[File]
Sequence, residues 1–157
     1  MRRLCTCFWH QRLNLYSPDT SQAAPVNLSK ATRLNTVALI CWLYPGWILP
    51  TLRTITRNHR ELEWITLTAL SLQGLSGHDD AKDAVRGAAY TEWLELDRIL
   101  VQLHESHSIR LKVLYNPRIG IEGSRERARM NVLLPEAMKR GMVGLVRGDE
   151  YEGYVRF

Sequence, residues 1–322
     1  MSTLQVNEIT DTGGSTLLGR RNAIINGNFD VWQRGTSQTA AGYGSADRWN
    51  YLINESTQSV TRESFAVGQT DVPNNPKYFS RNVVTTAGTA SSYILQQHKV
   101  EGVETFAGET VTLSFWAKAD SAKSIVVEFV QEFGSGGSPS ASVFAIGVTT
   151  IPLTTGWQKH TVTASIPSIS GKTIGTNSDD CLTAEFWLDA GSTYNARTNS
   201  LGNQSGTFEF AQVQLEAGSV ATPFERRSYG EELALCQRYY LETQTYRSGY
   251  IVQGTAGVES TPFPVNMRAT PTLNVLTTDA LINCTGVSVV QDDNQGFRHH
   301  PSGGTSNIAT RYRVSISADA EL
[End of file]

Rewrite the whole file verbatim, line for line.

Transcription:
Sequence, residues 1–157
     1  MRRLCTCFWH QRLNLYSPDT SQAAPVNLSK ATRLNTVALI CWLYPGWILP
    51  TLRTITRNHR ELEWITLTAL SLQGLSGHDD AKDAVRGAAY TEWLELDRIL
   101  VQLHESHSIR LKVLYNPRIG IEGSRERARM NVLLPEAMKR GMVGLVRGDE
   151  YEGYVRF

Sequence, residues 1–322
     1  MSTLQVNEIT DTGGSTLLGR RNAIINGNFD VWQRGTSQTA AGYGSADRWN
    51  YLINESTQSV TRESFAVGQT DVPNNPKYFS RNVVTTAGTA SSYILQQHKV
   101  EGVETFAGET VTLSFWAKAD SAKSIVVEFV QEFGSGGSPS ASVFAIGVTT
   151  IPLTTGWQKH TVTASIPSIS GKTIGTNSDD CLTAEFWLDA GSTYNARTNS
   201  LGNQSGTFEF AQVQLEAGSV ATPFERRSYG EELALCQRYY LETQTYRSGY
   251  IVQGTAGVES TPFPVNMRAT PTLNVLTTDA LINCTGVSVV QDDNQGFRHH
   301  PSGGTSNIAT RYRVSISADA EL